Tankless water heaters cost up to three times more than storage heaters — from less than $1, 000 for an electric, whole-house model to $3, 000 for a gas-powered one, including installation by a qualified plumber. Rewiring your house can easily add as much as $5, 000 to the cost of installing a tankless water heater. Electric tankless water heaters also cost less to install than gas units. The installation costs for electric systems range from $800 to $1, 500, while installation for gas units cost between $1, 000 and $1, 500. Gas water heaters require venting to prevent the buildup of harmful gases inside the home. Tankless water heaters that run on electricity are the most affordable option for homeowners looking to retrofit their system. Tankless water heaters produce an endless supply of hot water, take up less space, have a lower risk of leaking, are safer, and have a significantly longer lifespan on average. The main disadvantage of tankless water heaters is their upfront cost (unit and installation) is significantly higher than tank-style heaters. Professional repairs are typically required, and those often run somewhere between $150 to over $800, though the average tends to hover around $600. Tankless water heaters require periodic flushing to keep mineral and sediment from building up inside the unit.
The U. S. Department of Energy estimates gas-fired tankless heaters save an average of $108 in energy costs per year over their traditional tank counterparts, while electric tankless heaters save $44 per year. Rewiring your house can easily add as much as $5, 000 to the cost of installing a tankless water heater.
Gas or Electric Electric tankless water heaters are cheaper than the gas versions. Installation is easier and less expensive, and they're generally not as difficult to maintain as gas models. Keep in mind, however, that most conventional gas tank water heaters were not installed with a tankless retrofit in mind.
Electric tankless units do not require any type of venting, however, they do require a substantial amount of electricity. Outdoor gas tankless water heaters do not require venting, however, they do require a minimum amount of space around the unit.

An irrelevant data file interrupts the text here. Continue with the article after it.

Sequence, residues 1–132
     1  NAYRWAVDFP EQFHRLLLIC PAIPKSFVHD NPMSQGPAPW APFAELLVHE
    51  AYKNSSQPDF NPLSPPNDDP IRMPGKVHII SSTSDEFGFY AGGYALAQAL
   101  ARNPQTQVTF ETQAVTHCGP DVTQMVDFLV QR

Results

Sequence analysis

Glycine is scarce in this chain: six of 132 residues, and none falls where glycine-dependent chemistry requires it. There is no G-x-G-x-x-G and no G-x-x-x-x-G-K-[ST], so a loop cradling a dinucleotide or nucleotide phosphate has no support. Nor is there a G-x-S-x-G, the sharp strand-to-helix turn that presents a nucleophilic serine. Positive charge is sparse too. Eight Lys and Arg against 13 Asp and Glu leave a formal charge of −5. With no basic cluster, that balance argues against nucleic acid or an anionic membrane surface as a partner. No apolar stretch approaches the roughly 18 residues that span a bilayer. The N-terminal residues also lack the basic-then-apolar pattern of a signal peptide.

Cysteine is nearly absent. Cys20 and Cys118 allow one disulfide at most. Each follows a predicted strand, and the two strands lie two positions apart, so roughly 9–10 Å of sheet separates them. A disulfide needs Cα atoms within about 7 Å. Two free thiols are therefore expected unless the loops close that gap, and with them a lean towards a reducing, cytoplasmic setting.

The tankless water heater generally comes by itself, and it's up to you to purchase all the necessary pipes and fittings, as well as have all the tools on hand. 4. You will need to know how to turn off the water to the current tank and drain it. Install the new type of vent that a tankless water heater requires.
Replacing with a tankless water heater doesn't require a permit or inspection. They may require a mechanical permit, gas piping permit and electrical permit depending on the local jurisdiction and what was required to install the new appliance.
You'll need to be able to heat at least 5. 2 gallons of water. So you'll need a tankless water heater that can produce at least a 60 degree rise in temperature at 5. 2 gallons per minute.
The Home Depot offers traditional water heater tanks and modern tankless units, both powered by either gas or electricity. Depending on your selection, the average cost for water heater installation is between $1, 000 to $3, 000.
Like, a hot water tank for 5 people will require at least a 60-gallon tank. Since tankless water heaters supply endless hot water, you don't have to worry about capacity, but instead, think in terms of water flow rate. Gallons Per Minute (GPM) is the key when it comes to sizing tankless water heaters.
Efficiency / Operating Cost: While gas tankless water heaters are certainly more efficient than their tank cousins, their efficiency usually peaks at 80-85%. Conversely, most electric tankless water heaters are 98+% efficient. On top of that, electric tankless water heaters cost much less than most tankless gas models.
According to Energy. gov, “For homes that use 41 gallons or less of hot water daily, demand (or tankless) water heaters can be 24% to 34% more energy efficient than conventional storage tank water heaters. ” Tankless water heaters (if gas-fired) will save homeowners over $100 annually the longer they remain in service.
Tankless water heater manufacturers recommend their units be flushed at least once a year to eliminate the buildup of calcium and other minerals within the unit -- even more often if you have hard water. Some units will indicate when the unit is in need of flushing.
Are Tankless Water Heaters Worth It? 10 Pros and Cons Pro #1: Instant Hot Water. Con #1: Inconsistent Temperatures. Pro #2: Longer Lifespan. Con #2: Higher Initial Cost. Pro #3: Lower Month-to-Month Costs. Con #3: Limited Hot Water Supply. Pro #4: Space Savings. Con #4: Additional Equipment is Often Necessary.